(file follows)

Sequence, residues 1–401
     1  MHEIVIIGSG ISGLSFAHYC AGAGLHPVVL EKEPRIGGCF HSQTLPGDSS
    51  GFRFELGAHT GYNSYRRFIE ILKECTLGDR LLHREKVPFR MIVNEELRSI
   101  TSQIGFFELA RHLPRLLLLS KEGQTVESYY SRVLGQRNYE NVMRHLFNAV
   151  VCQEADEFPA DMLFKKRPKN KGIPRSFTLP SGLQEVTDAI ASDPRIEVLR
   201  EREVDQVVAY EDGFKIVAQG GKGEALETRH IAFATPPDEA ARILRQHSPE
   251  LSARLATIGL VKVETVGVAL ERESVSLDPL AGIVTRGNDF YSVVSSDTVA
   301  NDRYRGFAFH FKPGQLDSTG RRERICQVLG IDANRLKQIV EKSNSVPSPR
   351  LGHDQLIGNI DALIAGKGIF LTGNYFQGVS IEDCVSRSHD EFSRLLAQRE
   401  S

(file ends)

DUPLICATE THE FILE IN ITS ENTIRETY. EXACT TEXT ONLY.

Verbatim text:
Sequence, residues 1–401
     1  MHEIVIIGSG ISGLSFAHYC AGAGLHPVVL EKEPRIGGCF HSQTLPGDSS
    51  GFRFELGAHT GYNSYRRFIE ILKECTLGDR LLHREKVPFR MIVNEELRSI
   101  TSQIGFFELA RHLPRLLLLS KEGQTVESYY SRVLGQRNYE NVMRHLFNAV
   151  VCQEADEFPA DMLFKKRPKN KGIPRSFTLP SGLQEVTDAI ASDPRIEVLR
   201  EREVDQVVAY EDGFKIVAQG GKGEALETRH IAFATPPDEA ARILRQHSPE
   251  LSARLATIGL VKVETVGVAL ERESVSLDPL AGIVTRGNDF YSVVSSDTVA
   301  NDRYRGFAFH FKPGQLDSTG RRERICQVLG IDANRLKQIV EKSNSVPSPR
   351  LGHDQLIGNI DALIAGKGIF LTGNYFQGVS IEDCVSRSHD EFSRLLAQRE
   401  S